Funding for the EPA might lapse Dec. 22 if Congress and the White House fail to reach a short-term spending deal—but most employees at the agency wouldn’t immediately feel the impacts.

Most of the Environmental Protection Agency’s nearly 14,000 staffers would continue working even during any government shutdown, according to the agency’s Dec. 17 contingency plan. The EPA would use carryover funding—money it has left over that hasn’t expired—to sustain most agency operations, with the exception of the EPA’s Office of Inspector General.

The agency’s watchdog office would follow normal shutdown procedures, furloughing more than 90 percent of its 267 employees, according to the plan.

The EPA is among several agencies, including the Department of Interior, at risk of losing funding if the government can’t strike a deal. Lawmakers are working to pass a short-term spending measure that would keep the government funded until February, but President Donald Trump suggested Dec. 20 he won’t sign the bill unless it includes money for a border wall.

And even though EPA staff would continue working, the agency would impose some restrictions during any shutdown, including on travel and contract work. Observers also say carryover funding would only be able to sustain EPA operations a short while. Thus, any shutdown that lasts beyond a couple of weeks would force the EPA to close its doors.

‘Sluggishness’

In general, the use of carryover funding to keep the agency up and running is new to this administration, Stan Meiburg, a former EPA deputy regional administrator in two regions, told Bloomberg Environment. It requires some short-term shuffling of funds, and even then, the funds aren’t unlimited, he added.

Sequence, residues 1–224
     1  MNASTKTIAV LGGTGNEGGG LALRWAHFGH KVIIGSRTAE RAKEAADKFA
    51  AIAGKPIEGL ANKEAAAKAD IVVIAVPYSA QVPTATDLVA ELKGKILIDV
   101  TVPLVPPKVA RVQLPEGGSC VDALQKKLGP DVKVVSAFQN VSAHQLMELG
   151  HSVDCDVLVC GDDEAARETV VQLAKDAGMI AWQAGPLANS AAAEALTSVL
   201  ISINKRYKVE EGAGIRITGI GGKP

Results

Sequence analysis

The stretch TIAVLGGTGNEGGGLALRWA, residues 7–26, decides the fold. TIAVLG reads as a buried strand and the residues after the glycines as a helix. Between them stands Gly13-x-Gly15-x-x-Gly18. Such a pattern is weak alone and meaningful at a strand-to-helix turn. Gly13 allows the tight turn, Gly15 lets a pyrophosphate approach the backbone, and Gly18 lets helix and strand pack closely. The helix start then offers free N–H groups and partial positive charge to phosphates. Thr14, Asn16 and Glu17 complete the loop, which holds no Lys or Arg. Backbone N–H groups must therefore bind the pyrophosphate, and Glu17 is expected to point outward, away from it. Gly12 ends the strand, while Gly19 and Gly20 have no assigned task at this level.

If the EPA were ultimately forced to shut down for lack of carryover funds, just 5 percent of its 13,972 employees would continue to come to work, according to the EPA plan.

Any shutdown, even with most EPA employees still on the job, would have some negative effects, said Meiburg, who is now director of graduate programs in sustainability at Wake Forest University.

For example, restrictions on travel could delay agency staff’s ability to inspect polluting facilities, he said. Those restrictions could also set back permitting for wetlands, because oftentimes EPA staff travel to sites to make determinations on regulating specific sites, he added.

Any shutdown, even brief ones, cause “sluggishness, delays, and general pileups,” Meiburg said.

Pausing cleanups or inspections ultimately hurts the public, Elizabeth Gore, senior vice president of public affairs for the Environmental Defense Fund, said in a statement. “Moving the funding bill forward is necessary to our nationwide fight against threats to our health and environment.”

The EPA was hard hit in the last prolonged government shutdown in 2013, sending home more than 90 percent of its employees. Programs across the agencies saw delays, including work on cleaning up Superfund sites and registering pesticides, Meiburg said.